Upon hearing the news of Jerry Falwell's passing last week, a memory immediately rushed in. A few years ago, I came in contact with the Rev. Falwell when I was forced to wait on him, along with his family and staffers, at a local restaurant. Being the only openly gay server in the place, I was not exactly thrilled to tackle the gay-stapo and his 12 minions.
My immediate sense of dread was quickly replaced by shock as I realized how genuine and respectful the party was. As many have formed an opinion about the man, I was really amazed that not only was he polite, but I was not smote down by a vengeful God or turned into a pillar of salt each time I approached the table. I was overwhelmed by the strong guilt of the ugly side of liberalism—how reluctant I was to accept someone in the name of "open-mindedness."
I was the popular server that day. The staff swarmed me with questions as to the behavior of the brood with sadistic fervor. Customers watched every move the party made, and in turn, everything I did. Jerry and I were on display, and I'm not sure who was more aware of it.
I thought I was safe when the food arrived. I could not have been more wrong. As I placed down two plates, one in each hand, I fell prey to the oldest trick in the serving book of nightmares: sniper-prayer.
Seeing my outstretched hands, the people on either side of me snatched my hands while the others bowed their heads. Rev. Falwell began to bellow grace. Suddenly, all my guilty feelings evaporated, and the dread returned. There I was, ambushed into prayer with Jerry, while 30 other full tables and staff stared at me with gaping mouths. Unable to bow my head, unable to feign horror and unable to overcome a glazed look, I searched the room for rescue.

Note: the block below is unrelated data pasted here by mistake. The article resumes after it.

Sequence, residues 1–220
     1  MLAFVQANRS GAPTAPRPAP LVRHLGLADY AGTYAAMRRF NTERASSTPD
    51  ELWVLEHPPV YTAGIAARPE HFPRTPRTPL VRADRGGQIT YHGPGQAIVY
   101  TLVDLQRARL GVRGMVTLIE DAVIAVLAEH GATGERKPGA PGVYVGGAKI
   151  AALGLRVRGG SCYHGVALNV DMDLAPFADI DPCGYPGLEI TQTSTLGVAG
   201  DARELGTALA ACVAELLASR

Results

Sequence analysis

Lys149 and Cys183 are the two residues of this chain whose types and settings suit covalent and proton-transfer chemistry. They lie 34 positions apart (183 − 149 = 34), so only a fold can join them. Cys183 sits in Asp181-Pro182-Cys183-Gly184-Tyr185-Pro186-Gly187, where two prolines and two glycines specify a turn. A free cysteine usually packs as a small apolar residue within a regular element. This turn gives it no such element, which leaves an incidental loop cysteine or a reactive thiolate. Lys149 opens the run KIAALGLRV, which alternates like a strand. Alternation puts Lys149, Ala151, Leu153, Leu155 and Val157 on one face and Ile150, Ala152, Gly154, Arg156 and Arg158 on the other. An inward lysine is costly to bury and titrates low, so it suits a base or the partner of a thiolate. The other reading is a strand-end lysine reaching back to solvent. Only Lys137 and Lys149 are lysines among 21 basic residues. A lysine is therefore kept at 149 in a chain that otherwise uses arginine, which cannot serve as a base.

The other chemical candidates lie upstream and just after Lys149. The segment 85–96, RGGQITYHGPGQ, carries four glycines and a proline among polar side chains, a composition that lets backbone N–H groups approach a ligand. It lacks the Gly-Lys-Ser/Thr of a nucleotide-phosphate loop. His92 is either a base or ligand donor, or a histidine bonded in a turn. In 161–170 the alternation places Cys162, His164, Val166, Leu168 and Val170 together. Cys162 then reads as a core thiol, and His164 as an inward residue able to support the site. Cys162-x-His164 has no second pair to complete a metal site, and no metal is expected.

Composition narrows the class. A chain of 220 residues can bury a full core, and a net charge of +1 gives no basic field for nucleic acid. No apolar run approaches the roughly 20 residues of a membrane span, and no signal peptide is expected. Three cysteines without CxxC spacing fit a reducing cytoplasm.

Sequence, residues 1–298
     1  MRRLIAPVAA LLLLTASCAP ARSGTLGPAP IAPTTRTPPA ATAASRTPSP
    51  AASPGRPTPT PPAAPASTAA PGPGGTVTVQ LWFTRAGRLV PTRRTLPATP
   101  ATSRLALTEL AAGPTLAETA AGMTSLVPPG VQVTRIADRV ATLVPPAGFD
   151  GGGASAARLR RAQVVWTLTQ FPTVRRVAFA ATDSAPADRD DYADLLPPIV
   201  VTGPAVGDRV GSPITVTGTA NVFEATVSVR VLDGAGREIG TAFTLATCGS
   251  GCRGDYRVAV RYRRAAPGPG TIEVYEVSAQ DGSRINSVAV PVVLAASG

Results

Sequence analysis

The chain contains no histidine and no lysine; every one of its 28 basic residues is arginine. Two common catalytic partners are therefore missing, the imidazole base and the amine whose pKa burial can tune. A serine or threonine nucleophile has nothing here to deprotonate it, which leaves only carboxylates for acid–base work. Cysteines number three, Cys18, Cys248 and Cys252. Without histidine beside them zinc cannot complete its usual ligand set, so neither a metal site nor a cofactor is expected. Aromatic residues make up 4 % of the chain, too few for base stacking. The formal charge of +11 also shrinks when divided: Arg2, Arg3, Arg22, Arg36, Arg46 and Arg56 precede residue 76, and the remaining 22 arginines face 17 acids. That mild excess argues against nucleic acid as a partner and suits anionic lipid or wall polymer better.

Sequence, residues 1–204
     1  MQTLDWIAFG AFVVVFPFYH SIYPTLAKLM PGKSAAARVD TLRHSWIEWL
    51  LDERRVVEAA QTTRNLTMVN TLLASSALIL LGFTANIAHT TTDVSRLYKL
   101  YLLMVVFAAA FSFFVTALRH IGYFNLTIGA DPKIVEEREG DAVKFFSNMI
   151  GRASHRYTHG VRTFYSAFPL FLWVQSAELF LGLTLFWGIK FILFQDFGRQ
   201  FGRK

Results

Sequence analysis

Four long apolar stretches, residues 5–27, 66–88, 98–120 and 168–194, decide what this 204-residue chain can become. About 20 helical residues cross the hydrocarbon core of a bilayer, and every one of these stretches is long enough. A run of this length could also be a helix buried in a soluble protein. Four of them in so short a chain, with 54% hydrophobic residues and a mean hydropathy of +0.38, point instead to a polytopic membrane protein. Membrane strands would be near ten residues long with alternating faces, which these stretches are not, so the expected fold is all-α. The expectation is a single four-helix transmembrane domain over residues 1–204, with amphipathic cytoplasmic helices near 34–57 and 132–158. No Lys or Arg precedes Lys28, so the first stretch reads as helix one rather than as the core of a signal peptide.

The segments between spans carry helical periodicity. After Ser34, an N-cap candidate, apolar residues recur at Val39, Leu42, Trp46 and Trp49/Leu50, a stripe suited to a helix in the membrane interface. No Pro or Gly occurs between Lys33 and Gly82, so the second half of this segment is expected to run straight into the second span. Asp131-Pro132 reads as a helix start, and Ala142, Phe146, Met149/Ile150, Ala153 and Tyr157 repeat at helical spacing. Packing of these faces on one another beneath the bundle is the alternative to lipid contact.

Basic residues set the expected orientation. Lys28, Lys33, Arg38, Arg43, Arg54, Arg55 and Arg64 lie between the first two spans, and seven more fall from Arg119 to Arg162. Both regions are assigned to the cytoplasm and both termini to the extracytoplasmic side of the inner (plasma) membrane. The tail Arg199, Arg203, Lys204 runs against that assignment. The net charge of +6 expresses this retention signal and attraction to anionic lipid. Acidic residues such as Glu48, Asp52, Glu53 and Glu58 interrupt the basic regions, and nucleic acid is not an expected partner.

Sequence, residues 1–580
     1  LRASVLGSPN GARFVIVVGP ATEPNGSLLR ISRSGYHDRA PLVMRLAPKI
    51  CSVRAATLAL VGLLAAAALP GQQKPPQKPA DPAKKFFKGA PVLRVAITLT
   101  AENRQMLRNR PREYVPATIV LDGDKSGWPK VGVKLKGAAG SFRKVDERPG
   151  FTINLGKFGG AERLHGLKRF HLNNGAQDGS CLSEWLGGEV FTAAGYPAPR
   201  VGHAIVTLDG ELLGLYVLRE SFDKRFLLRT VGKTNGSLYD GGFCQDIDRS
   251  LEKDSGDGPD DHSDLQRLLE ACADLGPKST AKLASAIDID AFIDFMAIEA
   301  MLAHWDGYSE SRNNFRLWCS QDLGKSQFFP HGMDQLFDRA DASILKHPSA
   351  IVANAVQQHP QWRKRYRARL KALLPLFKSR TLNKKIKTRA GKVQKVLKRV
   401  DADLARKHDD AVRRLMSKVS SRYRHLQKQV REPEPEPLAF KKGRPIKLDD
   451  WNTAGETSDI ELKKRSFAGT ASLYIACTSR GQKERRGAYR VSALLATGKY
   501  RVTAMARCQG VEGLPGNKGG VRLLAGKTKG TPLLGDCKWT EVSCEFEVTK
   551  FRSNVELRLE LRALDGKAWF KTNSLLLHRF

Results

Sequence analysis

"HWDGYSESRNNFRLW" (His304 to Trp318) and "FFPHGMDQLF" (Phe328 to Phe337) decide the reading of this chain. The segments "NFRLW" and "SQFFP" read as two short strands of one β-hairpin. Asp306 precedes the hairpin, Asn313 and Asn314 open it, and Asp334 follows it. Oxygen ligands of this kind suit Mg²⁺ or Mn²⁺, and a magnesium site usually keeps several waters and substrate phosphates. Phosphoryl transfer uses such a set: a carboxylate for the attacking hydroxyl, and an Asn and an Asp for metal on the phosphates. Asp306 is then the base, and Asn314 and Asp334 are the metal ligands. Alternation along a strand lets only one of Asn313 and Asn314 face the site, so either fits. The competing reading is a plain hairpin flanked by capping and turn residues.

It got worse. I contracted a bad case of the "church giggles"—absolute hysterics in the most somber of situations.
Then what would seem a very kind gesture on Rev. Falwell's part only made me cringe as he asked me my name to include in his very long open letter to God. He asked me my last name so he could be very clear that God knew exactly whom he meant.
"Gagnon," I said, two syllables that have plagued me ever since my peers discovered I was different from the other boys. Surely, I thought, Jerry would snicker and add me to his list of people going to hell, but he didn't flinch. He just butchered it mercilessly and let me go.
I walked away with the strangest sense that I had just traversed fire and brimstone. I had stared into the face of something I've yet to truly understand, but I will tell you: That Jerry Falwell left an impression, kamikaze grace and all.